Slave labor would have been of little consequence to the Soviet economy without the infrastructure that enabled the movement of prisoners from the point of the labor source to the point of its utilization and eventual destruction. The Trans-Siberian Railway became the main thoroughfare that brought prisoners to intermediate points along the line from which they branched of to various places in the North. Its easternmost point, Vladivostok, was the intermediate stop for the prisoners scheduled for Kolyma. However, here the land route to the far Northeast corner of Siberia ended. The only available means to reach shores of Kolyma was by the way of the northern sea such as the Japan Sea and Okhotsk Sea. For this purpose a special fleet was organized with its base in Vladivostok.

    Each of the ships of the fleet, like the Dhzurma, Sovlatvia, Dalstroy, Decabrist and many others, carried within its hold many thousands of the persecuted people, destined for extinction. All of these vessels, though of cargo design, were fitted with elaborate internal arrangements to enable the carrying of the maximum load of prisoners. And this arrangement was of a kind that no other slave ship in the history of mankind was equipped with, not even the slave ship that carried African slaves to America.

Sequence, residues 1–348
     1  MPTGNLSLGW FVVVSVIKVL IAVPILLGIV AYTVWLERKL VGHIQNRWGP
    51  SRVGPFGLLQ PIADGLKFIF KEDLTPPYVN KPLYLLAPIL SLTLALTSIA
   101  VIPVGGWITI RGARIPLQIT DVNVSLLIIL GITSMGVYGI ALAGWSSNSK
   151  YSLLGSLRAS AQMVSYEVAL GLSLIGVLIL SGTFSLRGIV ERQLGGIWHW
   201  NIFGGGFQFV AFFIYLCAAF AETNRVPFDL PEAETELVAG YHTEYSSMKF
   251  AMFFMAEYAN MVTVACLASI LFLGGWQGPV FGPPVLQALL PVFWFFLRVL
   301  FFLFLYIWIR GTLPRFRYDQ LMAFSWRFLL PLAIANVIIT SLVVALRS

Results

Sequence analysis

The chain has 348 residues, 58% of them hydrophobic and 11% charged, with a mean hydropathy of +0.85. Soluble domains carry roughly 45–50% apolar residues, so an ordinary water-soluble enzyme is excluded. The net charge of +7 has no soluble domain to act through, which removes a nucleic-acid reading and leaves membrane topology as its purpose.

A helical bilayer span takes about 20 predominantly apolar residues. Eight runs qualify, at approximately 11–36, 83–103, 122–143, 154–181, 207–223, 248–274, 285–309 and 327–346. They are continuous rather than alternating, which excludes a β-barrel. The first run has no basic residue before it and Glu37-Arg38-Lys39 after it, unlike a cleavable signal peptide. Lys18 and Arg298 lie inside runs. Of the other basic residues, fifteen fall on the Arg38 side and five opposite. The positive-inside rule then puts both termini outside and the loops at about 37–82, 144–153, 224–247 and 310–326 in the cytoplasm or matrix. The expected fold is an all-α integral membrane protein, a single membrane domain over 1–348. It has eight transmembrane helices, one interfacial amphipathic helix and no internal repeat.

A typical slave ship was Dhzurma. Its internal structure illustrates best how the human cargo was transported northwards within its holds. A wooden structure had been erected around the walls of its cargo holds, and comprised of four tiered bunks, with the floor serving as the fifth. Each of the bunks was divided into sections to accommodate five men in lying position. To take their places the prisoners had to slide in legs first with their heads facing the passages to avoid suffocation. If there was not enough places to accommodate prisoners, men had to use passage-way as they're put up for a sea voyage lasting six to eleven days.

    The sanitary arrangements consisted of two 50-gallon barrels, called "parashas," which were emptied periodically into the sea. It was quite common for these barrels to spill over, causing the inside of the holds to smell with the odor of human waste. An outside latrine was also available, but only few prisoners at a time were allowed to use it. Therefore the queues were always long and moved slowly. This outside arrangement was fenced with barbed wire to prevent prisoners from jumping into the sea, especially when the ship was in Japanese territorial waters.

    In this crowded ship, like in the entire prison system in the Soviet Union, food was always a commodity in short supply. At the time, the whole country went hungry and slaves were at the bottom of the list when it came to allocation of food. In the ship the rations were even far below the general prison standards. The daily meal of the prisoner during the journey consisted of reduced ration of bread, a portion of sauerkraut and a bucket of fresh water for each group of fifty men. This provision of food followed the maxim practiced within the system that "men who don't work don't need food".